Treasurers would be initially generated as respondents in both their official and personal capacities only with respect to allegations that directly relate to reporting, recordkeeping, and other duties specifically imposed by the Act on treasurers. See, e.g., United States v. Johnson, 541 F.2d 710, 711 (8th Cir. 1976) (applying a similar standard in an action involving the Federal Trade Commission when finding that “[t]he propriety of including a person both as an individual and as a corporate officer in a cease and desist order has consistently been upheld in instances where the person included was instrumental in formulating, directing and controlling the acts and practices of the corporation”) (citing Fed. Trade Comm'n v. Standard Ed. Soc'y, 302 U.S. 112 (1937); Standard Distrib. v. Fed. Trade Comm'n, 211 F.2d 7 (2d Cir. 1954); Benrus Watch Co. v. Fed. Trade Comm'n, 352 F.2d 313 (8th Cir. 1965)). However, if the Office of General Counsel (“OGC”) is persuaded through the respondent's response to the complaint, or the response to the Factual and Legal Analysis, or the Respondent's Brief at the Probable Cause stage, or an investigation, that the treasurer was unaware, and had no reason to know, of the operative facts giving rise to a violation, OGC would recommend that findings against the treasurer only be made in his or her official capacity.

On the other hand, if a complaint alleges a violation such as coordination or receipt of contributions in the name of another, the same reasonable inference as to the treasurer's knowledge of the operative facts would not be drawn as a routine matter. The Commission proposes with respect to complaints of this nature that the treasurer would initially be named as a respondent only in his or her official capacity. Notably, in these cases the reporting violation stems from the same operative facts as the principal violation. Only if OGC learns later that the treasurer had knowledge of the operative facts—for example, the treasurer knew that an in-kind contribution stemming from coordination went unreported—might the Commission make findings against the treasurer in his or her personal capacity.

In cases where the treasurer has both official and personal liability, the respondents would be named as “John Doe for Congress and Joe Smith, in his official capacity as treasurer and in his personal capacity.” Alternatively, the respondents might be named as “John Doe for Congress and Joe Smith, in his official capacity as treasurer” and “John Doe, in his personal capacity.” Where a treasurer has been named in both his or her official and personal capacities, any resulting conciliation agreement would be signed by the current treasurer on behalf of both the committee and the treasurer in his or her personal capacity.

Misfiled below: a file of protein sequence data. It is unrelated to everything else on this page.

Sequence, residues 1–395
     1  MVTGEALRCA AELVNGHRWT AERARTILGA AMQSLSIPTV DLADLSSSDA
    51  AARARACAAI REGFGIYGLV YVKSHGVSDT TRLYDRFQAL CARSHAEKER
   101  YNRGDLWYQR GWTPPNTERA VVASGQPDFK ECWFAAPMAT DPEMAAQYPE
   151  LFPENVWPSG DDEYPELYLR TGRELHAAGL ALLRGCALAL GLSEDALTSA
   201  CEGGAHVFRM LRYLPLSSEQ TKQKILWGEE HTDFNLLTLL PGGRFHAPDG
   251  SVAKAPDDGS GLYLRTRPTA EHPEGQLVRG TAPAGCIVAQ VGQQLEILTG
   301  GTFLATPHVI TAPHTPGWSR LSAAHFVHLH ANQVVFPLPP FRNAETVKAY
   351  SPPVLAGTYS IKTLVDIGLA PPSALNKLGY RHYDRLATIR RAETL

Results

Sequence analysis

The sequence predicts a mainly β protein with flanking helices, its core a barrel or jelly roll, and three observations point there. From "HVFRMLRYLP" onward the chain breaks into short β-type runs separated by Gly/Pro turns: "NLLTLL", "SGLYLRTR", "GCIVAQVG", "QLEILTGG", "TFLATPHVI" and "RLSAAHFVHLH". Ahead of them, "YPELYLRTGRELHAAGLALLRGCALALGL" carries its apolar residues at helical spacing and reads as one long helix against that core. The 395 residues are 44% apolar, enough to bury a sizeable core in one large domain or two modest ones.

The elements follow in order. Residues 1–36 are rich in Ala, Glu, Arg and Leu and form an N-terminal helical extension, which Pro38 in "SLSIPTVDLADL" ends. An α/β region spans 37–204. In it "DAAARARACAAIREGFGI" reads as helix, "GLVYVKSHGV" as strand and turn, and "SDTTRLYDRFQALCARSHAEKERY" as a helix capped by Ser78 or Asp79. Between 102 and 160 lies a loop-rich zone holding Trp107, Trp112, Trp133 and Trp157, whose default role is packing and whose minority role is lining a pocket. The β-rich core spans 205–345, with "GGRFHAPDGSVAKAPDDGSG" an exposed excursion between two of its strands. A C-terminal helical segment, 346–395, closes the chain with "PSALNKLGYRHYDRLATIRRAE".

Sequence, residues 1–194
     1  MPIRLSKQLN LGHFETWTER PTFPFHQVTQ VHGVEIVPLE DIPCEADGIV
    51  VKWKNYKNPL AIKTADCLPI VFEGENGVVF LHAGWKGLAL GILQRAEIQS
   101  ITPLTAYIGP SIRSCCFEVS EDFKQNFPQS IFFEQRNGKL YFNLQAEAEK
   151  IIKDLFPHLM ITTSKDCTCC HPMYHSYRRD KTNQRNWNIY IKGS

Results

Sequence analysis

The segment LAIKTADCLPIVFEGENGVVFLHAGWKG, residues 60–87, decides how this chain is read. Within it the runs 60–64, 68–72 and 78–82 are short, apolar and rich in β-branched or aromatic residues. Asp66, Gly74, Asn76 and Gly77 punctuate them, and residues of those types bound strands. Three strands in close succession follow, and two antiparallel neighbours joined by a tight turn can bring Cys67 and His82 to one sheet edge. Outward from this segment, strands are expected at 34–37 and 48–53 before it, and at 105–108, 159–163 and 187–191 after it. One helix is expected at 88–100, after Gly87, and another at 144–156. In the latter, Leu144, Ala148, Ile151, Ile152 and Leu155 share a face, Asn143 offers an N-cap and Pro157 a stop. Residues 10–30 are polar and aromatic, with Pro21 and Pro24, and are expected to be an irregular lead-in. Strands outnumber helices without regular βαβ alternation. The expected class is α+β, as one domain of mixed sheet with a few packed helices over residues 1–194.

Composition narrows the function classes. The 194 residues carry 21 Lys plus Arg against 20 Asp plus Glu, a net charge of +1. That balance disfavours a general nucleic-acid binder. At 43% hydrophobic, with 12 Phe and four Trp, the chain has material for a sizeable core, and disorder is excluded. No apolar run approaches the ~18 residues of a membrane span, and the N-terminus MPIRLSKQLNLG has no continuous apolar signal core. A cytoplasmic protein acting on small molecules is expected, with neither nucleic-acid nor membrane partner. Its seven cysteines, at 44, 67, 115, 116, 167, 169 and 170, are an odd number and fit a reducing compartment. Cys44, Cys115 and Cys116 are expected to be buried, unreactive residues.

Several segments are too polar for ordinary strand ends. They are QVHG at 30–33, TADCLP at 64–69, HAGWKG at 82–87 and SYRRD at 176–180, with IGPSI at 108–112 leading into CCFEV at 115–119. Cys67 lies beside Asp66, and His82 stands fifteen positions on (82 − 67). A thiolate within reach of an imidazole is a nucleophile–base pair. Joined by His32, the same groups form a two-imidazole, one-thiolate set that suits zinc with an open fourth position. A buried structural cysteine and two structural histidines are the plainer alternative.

VI. Successor Treasurers/Substitution

An issue closely related to the official/personal capacity distinction is whether a successor treasurer may be substituted for a predecessor treasurer. Often the specific individual who was the treasurer at the time of a violation is no longer the treasurer when the Commission undertakes the enforcement process. Whether the successor treasurer or the predecessor treasurer should be named as the respondent depends on whether the Commission is pursuing the treasurer in his or her official capacity, personal capacity, or both.

Under the present practice, when OGC discovers that a committee has changed treasurers since the point of the underlying violation, OGC typically notes the change of treasurer, the date of the change, the former treasurer's name, and indicates whether an amendment was made to the Statement of Organization in its next report to the Commission. If a treasurer change is made after a finding of reason to believe, then OGC typically includes the new treasurer and notes the change in its next report on the matter. If a treasurer change is made after a finding of probable cause to believe, OGC sends the new treasurer a supplemental probable cause brief (incorporating the prior probable cause brief), which states that the Commission found probable cause to believe against the committee and the treasurer's predecessor and will recommend probable cause against the new treasurer. After receiving a response or waiting until the expiration of the response period, OGC typically returns to the Commission with a recommendation to find probable cause to believe against the new treasurer.